Opinion: Donald Trump’s flip-flopping is a classic manipulation tactic

COURTESY OF EVAN GUEST

Throughout the course of his campaign, President-elect Donald Trump frightened many — and enticed many more — with comically implausible promises. He promised to ban all Muslims from entering the US. Most famously, he wanted to build a wall and make Mexico pay for it.

Now that he’s actually won, he appears to be reneging on his promises.

The people he’s brought into office are still longtime politicians. To be fair, as Stephen Colbert joked, “they’re exactly what I’d expect to find at the bottom of a drained swamp.” He isn’t going to prosecute Hillary Clinton, he decided he might not like waterboarding so much after all, and he thinks The New York Times might not be so bad.

But this inconsistency — reminiscent of his frequent self-contradictions on the campaign trails — shows that Trump can’t be trusted. Making promises, then disavowing them, makes one wonder what other commitments he will make as commander-in-chief and later back out on.

Furthermore, Trump is a skilled manipulator. In his 1988 book “The Art of the Deal,” he explains: “One thing I’ve learned about the press is that they’re always hungry for a good story, and the more sensational the better … If you are a little different, or a little outrageous, or if you do things that are bold or controversial, the press is going to write about you.”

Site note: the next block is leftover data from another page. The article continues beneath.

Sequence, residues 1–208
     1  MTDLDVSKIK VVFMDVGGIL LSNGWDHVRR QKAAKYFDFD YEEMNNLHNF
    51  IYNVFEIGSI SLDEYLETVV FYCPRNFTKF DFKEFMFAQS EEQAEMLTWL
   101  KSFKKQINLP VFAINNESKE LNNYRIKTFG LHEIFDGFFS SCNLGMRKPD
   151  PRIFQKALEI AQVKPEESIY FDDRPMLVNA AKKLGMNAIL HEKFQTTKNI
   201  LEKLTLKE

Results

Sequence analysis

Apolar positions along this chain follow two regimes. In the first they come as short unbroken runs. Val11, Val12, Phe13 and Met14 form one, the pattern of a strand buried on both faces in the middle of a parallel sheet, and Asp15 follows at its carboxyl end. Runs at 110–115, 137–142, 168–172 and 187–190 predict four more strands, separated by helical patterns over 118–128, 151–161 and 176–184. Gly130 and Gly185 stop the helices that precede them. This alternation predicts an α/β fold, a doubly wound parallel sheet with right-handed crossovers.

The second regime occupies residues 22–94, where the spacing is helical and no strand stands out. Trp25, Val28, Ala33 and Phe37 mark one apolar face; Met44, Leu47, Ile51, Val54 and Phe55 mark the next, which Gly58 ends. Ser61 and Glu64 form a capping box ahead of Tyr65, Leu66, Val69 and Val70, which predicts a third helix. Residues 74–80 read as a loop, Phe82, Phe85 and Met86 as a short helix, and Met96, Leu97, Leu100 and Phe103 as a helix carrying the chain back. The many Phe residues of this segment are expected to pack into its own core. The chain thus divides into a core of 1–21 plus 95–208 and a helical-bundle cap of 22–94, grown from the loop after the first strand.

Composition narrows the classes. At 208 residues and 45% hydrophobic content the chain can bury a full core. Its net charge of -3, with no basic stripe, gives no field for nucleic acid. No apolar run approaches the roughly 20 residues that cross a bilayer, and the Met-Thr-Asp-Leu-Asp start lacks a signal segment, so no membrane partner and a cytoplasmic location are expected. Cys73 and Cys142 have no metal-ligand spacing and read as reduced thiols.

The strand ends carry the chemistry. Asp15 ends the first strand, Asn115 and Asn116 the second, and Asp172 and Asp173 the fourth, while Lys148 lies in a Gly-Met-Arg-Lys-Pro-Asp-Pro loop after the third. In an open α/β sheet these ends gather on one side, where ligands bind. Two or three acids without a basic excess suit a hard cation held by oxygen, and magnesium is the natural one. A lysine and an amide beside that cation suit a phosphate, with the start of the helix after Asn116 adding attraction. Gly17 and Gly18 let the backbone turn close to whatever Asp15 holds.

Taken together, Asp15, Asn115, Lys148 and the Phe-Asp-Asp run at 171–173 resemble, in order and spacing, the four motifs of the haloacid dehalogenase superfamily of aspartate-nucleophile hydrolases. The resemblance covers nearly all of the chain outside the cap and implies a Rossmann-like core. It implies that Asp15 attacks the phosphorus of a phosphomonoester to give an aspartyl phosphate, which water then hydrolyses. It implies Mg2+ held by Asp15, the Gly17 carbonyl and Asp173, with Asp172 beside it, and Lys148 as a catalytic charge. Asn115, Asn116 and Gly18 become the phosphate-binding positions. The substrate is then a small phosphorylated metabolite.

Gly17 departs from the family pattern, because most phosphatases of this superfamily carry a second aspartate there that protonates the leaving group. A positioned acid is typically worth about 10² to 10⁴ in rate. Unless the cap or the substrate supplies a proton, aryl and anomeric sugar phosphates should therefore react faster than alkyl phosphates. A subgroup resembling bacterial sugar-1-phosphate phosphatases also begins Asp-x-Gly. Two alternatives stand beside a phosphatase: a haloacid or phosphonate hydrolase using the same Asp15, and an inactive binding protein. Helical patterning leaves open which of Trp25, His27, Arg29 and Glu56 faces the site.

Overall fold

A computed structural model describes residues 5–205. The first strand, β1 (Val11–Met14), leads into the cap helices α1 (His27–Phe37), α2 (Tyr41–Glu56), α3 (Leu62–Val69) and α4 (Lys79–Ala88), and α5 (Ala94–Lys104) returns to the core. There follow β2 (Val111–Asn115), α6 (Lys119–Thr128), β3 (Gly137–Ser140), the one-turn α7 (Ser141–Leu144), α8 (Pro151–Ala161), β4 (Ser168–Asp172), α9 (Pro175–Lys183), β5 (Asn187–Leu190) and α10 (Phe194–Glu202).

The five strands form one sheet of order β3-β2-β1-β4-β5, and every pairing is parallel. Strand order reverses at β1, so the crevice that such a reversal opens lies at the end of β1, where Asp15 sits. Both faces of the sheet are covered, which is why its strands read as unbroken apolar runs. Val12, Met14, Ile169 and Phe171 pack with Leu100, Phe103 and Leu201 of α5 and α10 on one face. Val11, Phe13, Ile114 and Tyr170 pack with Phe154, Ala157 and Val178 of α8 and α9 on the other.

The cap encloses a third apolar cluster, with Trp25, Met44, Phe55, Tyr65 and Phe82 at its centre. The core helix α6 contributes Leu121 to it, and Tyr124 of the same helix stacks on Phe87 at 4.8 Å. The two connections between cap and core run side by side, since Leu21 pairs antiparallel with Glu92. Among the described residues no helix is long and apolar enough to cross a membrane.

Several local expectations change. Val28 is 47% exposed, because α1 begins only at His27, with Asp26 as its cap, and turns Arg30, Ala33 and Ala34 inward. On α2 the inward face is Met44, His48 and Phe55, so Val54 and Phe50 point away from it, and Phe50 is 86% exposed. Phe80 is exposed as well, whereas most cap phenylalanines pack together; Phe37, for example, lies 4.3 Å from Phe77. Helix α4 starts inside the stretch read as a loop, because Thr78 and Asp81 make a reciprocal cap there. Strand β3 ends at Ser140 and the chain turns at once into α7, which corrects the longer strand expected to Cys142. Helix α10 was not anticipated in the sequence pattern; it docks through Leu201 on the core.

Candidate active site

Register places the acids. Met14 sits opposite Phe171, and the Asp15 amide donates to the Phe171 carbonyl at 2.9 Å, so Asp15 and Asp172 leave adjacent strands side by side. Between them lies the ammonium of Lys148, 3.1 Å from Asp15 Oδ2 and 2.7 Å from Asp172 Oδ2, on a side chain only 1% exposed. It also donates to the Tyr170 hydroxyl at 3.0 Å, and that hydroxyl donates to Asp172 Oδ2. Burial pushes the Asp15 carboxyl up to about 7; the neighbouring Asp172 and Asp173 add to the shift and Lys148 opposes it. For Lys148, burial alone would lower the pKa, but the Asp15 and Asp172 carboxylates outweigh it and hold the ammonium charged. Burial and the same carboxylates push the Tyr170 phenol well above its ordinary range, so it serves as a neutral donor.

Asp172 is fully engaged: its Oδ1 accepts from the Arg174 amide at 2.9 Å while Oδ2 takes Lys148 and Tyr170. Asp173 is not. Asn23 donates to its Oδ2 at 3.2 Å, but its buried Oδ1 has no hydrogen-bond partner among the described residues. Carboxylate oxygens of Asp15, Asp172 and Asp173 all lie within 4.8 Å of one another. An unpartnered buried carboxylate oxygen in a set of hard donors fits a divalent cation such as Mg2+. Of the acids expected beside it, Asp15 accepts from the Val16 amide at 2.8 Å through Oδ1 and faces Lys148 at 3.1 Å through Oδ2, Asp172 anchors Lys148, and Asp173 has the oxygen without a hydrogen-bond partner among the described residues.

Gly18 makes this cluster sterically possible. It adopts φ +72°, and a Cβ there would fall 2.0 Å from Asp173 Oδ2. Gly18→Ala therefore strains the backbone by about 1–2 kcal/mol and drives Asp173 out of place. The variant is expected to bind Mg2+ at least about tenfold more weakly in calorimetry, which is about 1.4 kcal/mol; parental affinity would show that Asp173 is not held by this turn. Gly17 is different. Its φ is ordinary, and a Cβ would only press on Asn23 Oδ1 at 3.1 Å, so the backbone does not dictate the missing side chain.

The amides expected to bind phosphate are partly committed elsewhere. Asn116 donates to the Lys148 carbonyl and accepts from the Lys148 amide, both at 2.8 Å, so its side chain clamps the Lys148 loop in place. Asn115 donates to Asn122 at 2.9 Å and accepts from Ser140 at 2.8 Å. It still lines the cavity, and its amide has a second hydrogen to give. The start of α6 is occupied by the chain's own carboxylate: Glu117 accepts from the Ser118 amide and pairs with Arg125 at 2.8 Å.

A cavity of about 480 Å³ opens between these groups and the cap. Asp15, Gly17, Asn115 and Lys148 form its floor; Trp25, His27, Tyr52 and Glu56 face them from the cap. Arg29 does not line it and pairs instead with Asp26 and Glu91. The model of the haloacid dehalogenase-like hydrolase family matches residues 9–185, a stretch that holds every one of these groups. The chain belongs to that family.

He followed this technique to the letter in his campaign. Everything he did and said grew more and more outrageous as it went on. And by going back on these outrageous statements, he’s just manipulating us more.

Scaring people, as Trump has, then not acting on the threat is known to psychologists as “fear, then relief.” A classic example of this is the “good cop, bad cop” trope, where one officer threatens someone, then the other reassures them that everything is actually going to be okay, as long as they comply. The disorientation caused by abrupt emotional changes is what leads the person to become more compliant.

Even if Trump is not intentionally trying to use the fear-then-relief strategy, recognizing how it works will help us avoid succumbing to it.

Besides — Trump hasn’t changed that much. Sure, he says he’s not going to build a wall “in certain places,” where instead, he will put a fence — same thing, really. And Kris Kobach’s leaked security plan includes a plan to reinstate NSEERS, a registry for immigrants from majority-Muslim countries. It’s the closest thing we can get to an actual Muslim registry while still following the law.

In short: don’t relax. Your worst fears appear to be coming true.

COURTESY OF EVAN GUEST

COURTESY OF EVAN GUEST

Pin It